I’m glad the book is doing some origins now but it really should have some time to settle down first and establish the team before it establishes the individuals. Who are the Titans, why are they hanging out together, what are the relationships? Who’s even in charge? What are their goals? Where’s that team member that went missing roughly five issues ago? What is their base of operations? Basically, I want to know what the Titans do besides just waiting around for another catastrophe to strike that they have to deal with. This series has already been derailed from these questions thanks to the Culling storyline and it’s about to happen again as Death of the Family is rearing it’s gargantuan head in the Titans world along with a Red Hood & the Outlaws crossover. I don’t know when this book is going to get a chance to take a breather and do some world-building but I hope it’s soon.

Either way, this is a solid issue on its own. If you need something to renew your faith that some good can come out of this series, pick up Teen Titans #14


Ex Sanguine #3: A Lonely Word Review — December 22, 2012

Ex Sanguine #3: A Lonely Word Review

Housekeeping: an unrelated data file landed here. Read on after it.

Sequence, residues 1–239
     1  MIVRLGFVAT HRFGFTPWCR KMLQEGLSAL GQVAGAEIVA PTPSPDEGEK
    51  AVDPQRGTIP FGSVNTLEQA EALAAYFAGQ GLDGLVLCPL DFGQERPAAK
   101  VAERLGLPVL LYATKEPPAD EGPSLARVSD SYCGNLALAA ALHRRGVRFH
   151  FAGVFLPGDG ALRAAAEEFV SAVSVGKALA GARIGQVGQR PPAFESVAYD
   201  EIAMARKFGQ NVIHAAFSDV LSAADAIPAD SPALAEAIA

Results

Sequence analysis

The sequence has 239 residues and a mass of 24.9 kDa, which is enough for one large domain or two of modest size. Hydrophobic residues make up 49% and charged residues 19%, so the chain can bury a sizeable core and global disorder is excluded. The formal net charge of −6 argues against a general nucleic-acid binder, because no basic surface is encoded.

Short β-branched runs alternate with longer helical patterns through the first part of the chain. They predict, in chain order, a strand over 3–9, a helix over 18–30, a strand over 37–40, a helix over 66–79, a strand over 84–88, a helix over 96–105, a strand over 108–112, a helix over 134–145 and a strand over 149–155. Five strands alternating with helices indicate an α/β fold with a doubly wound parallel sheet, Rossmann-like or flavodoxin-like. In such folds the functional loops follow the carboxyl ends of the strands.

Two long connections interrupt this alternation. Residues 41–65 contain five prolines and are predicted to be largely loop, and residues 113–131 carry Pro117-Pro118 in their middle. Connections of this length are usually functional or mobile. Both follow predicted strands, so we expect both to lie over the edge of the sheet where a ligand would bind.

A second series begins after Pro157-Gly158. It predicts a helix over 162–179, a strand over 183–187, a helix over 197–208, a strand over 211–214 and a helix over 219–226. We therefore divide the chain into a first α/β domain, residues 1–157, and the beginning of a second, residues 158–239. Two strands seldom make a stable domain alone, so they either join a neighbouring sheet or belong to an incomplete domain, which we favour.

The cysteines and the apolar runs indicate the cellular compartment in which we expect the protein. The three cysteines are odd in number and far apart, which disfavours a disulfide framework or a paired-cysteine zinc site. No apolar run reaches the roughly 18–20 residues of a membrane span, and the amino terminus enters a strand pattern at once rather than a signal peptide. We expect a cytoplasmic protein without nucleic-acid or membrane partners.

Saul Adams is a vampire, but not one that we usually get shown in the likes of True Blood or the old Bela Lugosi movies. He wants nothing to do with his instincts. He has struggled to keep his bloodlust at bay and live as normal a life as possible in a small town. This all went well, until a serial killer struck the town. The Sanguine killer has drawn undue attention to him. Diner waitress, Ashley, has taken a macabre liking to him. She sets him up with one of the murders, but this only feeds his instincts, bringing them back to the fore. The end of issue #2 shocked us when we saw Saul and Ashley making love in front of a mirror, allowing her to see Saul in his true form. The story itself is like a twisted love story, but with a horrendous edge, as Tim Seeley has hit the reader square in the face with a gritty story and fantastic artwork. The story’s main subject in the first two issues is a pen, but what is so special about it? Why has Ashley been killing people associated with it?